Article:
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Brady Opening Statement: Hearing on the Pending Trade Agreement with South Korea
Thursday, April 07, 2011
Good morning. I would like to welcome all of you, especially South Korean Ambassador Han, to today’s Trade Subcommittee hearing on the U.S.-South Korea trade agreement. Today’s hearing is the third in our series of hearings on each of the pending trade agreements: Colombia, Panama, and South Korea.
As I have said at each of the previous hearings, I firmly believe that we should consider all three agreements by July 1. I welcome the Administration’s announcement yesterday that it has reached agreement with Colombia. I look forward to quick movement on the action plan and to working with the Administration to ensure submission of all three agreements for Congressional consideration by July 1. All three pending trade agreements are good agreements. The time to move forward with all three is now.
I know that many Democrats share our sense of urgency. With respect to KORUS, we all know that the EU-South Korea trade agreement is expected to enter into force by July 1. Implementation of agreements by other countries, and continued inaction on our agreement, will result in further missed opportunities to create U.S. jobs. In fact, it will result in a decline in existing U.S. jobs. We either move forward, or we fall backward. The choice is ours. Staying still is just not an option.
The economic benefits of the pending trade agreements are overwhelming. The ITC estimates that the three pending trade agreements together would increase U.S. exports by at least $13 billion and add $10 billion to U.S. GDP. And President Obama has stated that such an increase in U.S. exports could support 250,000 jobs.
These benefits are enjoyed broadly. For example, the American Farm Bureau estimates that U.S. farm exports to South Korea could increase by more than $1.8 billion annually. Moreover, 90% of all American companies exporting to South Korea are small and medium sized enterprises. Implementation of the agreement will lead to an additional $2.8 billion in exports for small and medium sized American companies.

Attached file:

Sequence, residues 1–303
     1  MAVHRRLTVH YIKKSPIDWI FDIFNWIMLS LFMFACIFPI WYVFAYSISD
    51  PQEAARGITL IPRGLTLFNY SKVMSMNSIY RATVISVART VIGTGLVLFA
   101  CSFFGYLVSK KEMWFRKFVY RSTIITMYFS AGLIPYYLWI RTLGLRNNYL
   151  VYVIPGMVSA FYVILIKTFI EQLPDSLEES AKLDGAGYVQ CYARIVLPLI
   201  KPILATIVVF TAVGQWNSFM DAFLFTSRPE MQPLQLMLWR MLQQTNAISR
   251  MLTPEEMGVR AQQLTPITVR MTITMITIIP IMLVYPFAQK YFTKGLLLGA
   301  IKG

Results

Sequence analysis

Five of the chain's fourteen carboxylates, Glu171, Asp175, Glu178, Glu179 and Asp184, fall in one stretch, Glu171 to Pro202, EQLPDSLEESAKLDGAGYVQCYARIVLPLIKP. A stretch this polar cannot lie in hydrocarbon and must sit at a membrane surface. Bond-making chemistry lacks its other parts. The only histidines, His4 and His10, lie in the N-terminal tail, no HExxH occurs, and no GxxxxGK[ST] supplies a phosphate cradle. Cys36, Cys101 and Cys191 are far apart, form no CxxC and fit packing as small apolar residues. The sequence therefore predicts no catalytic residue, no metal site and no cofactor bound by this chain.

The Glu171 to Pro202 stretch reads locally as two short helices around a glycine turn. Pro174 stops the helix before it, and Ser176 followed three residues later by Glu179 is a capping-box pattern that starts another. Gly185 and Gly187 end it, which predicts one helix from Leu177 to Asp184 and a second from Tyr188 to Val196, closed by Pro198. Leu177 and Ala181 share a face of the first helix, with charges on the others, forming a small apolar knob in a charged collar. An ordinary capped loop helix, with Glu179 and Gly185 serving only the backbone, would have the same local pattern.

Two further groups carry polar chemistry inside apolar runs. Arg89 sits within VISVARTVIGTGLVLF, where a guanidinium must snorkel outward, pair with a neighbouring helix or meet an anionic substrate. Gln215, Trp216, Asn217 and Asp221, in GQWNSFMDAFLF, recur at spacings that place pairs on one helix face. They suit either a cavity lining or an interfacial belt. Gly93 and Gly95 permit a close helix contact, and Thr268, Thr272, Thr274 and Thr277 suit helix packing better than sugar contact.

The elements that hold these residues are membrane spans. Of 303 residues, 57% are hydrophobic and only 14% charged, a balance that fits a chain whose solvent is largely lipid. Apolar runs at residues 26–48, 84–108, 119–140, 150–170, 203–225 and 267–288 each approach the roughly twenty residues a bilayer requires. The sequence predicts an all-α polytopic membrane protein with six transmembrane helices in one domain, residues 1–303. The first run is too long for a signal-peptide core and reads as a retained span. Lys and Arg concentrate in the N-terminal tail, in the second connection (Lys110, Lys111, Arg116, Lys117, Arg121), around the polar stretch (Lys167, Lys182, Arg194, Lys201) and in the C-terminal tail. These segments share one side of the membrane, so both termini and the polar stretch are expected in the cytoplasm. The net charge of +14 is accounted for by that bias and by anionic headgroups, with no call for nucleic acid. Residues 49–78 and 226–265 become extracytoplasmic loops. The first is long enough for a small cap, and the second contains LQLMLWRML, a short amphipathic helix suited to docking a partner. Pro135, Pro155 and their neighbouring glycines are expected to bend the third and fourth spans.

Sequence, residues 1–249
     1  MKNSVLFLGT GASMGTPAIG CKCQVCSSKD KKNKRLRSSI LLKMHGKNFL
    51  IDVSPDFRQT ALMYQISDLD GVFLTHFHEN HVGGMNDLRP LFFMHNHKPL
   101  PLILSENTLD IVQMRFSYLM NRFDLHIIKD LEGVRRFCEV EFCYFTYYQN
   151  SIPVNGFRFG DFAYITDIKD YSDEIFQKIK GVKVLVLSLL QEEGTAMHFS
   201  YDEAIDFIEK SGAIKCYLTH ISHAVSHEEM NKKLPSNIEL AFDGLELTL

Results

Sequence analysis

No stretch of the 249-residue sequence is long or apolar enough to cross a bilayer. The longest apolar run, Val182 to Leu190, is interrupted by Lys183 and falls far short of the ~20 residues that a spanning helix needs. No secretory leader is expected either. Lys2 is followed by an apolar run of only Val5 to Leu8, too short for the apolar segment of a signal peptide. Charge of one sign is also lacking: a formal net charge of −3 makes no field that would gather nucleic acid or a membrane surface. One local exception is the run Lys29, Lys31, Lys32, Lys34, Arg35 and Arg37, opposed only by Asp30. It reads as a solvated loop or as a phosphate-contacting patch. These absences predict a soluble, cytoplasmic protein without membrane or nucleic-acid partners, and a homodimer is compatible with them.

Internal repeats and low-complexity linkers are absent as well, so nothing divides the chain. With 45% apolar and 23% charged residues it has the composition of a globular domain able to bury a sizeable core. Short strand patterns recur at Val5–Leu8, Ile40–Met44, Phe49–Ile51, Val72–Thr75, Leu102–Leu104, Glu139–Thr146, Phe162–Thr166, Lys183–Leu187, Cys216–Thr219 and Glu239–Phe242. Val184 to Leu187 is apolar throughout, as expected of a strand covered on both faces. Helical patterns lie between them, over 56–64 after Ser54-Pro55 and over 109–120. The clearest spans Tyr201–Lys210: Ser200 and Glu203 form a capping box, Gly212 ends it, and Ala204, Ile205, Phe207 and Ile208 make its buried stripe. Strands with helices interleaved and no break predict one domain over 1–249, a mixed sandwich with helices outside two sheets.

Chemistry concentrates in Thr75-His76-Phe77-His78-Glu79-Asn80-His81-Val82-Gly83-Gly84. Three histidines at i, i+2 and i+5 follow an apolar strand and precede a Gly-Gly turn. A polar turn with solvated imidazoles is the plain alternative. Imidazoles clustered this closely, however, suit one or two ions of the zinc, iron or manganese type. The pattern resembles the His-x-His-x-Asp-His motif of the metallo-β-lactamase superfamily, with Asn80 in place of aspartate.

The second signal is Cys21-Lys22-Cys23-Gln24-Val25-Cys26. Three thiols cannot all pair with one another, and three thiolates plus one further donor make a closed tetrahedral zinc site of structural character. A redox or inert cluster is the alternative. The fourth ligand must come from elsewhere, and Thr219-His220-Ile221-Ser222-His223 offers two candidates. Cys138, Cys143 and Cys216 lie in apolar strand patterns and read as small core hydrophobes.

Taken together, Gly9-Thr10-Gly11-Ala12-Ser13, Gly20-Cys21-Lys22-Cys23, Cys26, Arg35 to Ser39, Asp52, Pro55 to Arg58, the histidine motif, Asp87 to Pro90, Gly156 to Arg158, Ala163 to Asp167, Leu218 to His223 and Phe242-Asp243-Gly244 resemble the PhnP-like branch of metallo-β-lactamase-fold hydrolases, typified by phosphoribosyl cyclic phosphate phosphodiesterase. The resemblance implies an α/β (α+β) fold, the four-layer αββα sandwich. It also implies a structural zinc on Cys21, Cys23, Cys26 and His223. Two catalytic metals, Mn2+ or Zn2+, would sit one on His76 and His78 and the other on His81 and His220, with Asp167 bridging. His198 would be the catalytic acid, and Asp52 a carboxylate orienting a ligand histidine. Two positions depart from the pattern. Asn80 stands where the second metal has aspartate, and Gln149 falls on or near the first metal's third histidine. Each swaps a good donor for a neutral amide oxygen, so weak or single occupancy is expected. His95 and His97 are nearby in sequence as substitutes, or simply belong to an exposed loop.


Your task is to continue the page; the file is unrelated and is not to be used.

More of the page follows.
This agreement, like the Colombia and Panama deals, would level the playing field for U.S. exporters. The average South Korean tariff for U.S. exporters is more than four times the average tariff that South Korean products face in the U.S. market. The agreement would address this imbalance. The state-of-the-art Korea agreement – like the Colombia and Panama agreements – will address key non-tariff and regulatory barriers such as sanitary and phytosanitary barriers, requiring strong protection of intellectual property rights, requiring greater regulatory transparency, and encouraging greater regulatory harmonization and the use of international standards.
We also cannot overlook the fact that South Korea is a key ally in a critical region of the world. The U.S.-South Korea trade agreement is important not only for its economic benefits but also for our national security. Just today, I received a letter signed by a number of former senior officials in trade and foreign policy highlighting the key geostrategic role that Korea plays and urging Congress to pass all three agreements as quickly as possible. Without objection, I would like to enter this letter into the record.
Now that I have highlighted some of the benefits of the U.S.-Korea agreement, I would like to set the record straight on a few points:
First, Republicans are excited about moving forward on the Korea agreement, just as we are excited to move forward with the Panama and Colombia agreements. Our goal is simply to speed up our Latin American agreements to catch up with the Korea agreement! There is a sense of urgency for all of them, as these trading partners are moving ahead without us to conclude agreements with our competitors that don’t include us.
Third, despite what some are saying, we’ve already started the bipartisan technical drafting work on the Korea agreement with the Administration. On March 7th, Chairman Camp agreed to Ambassador Kirk’s written request to begin technical discussions on the draft implementing bill, noting that discussions between Congressional and Administration staffs were scheduled for later that day. Those technical discussions are ongoing, and we are awaiting responses to questions that staff on both sides of the aisle have raised with USTR. We are working constructively together to move forward in a timely manner to ensure that the draft implementing bill is complete and thorough.
At the same time, I urge the Administration to work with us on this technical work for the Colombia and Panama agreements too. Both Ambassador Kirk and Ambassador Sapiro have made clear that the resolution of any outstanding issues will not require changes to the text of the agreement. I believe we should start this technical work immediately to ensure that the drafting is complete and thorough and that draft implementing bills are ready to go. We can’t waste any more time.
I would like to welcome all of our witnesses today and thank them for being with us. I look forward to hearing the testimony of both panels.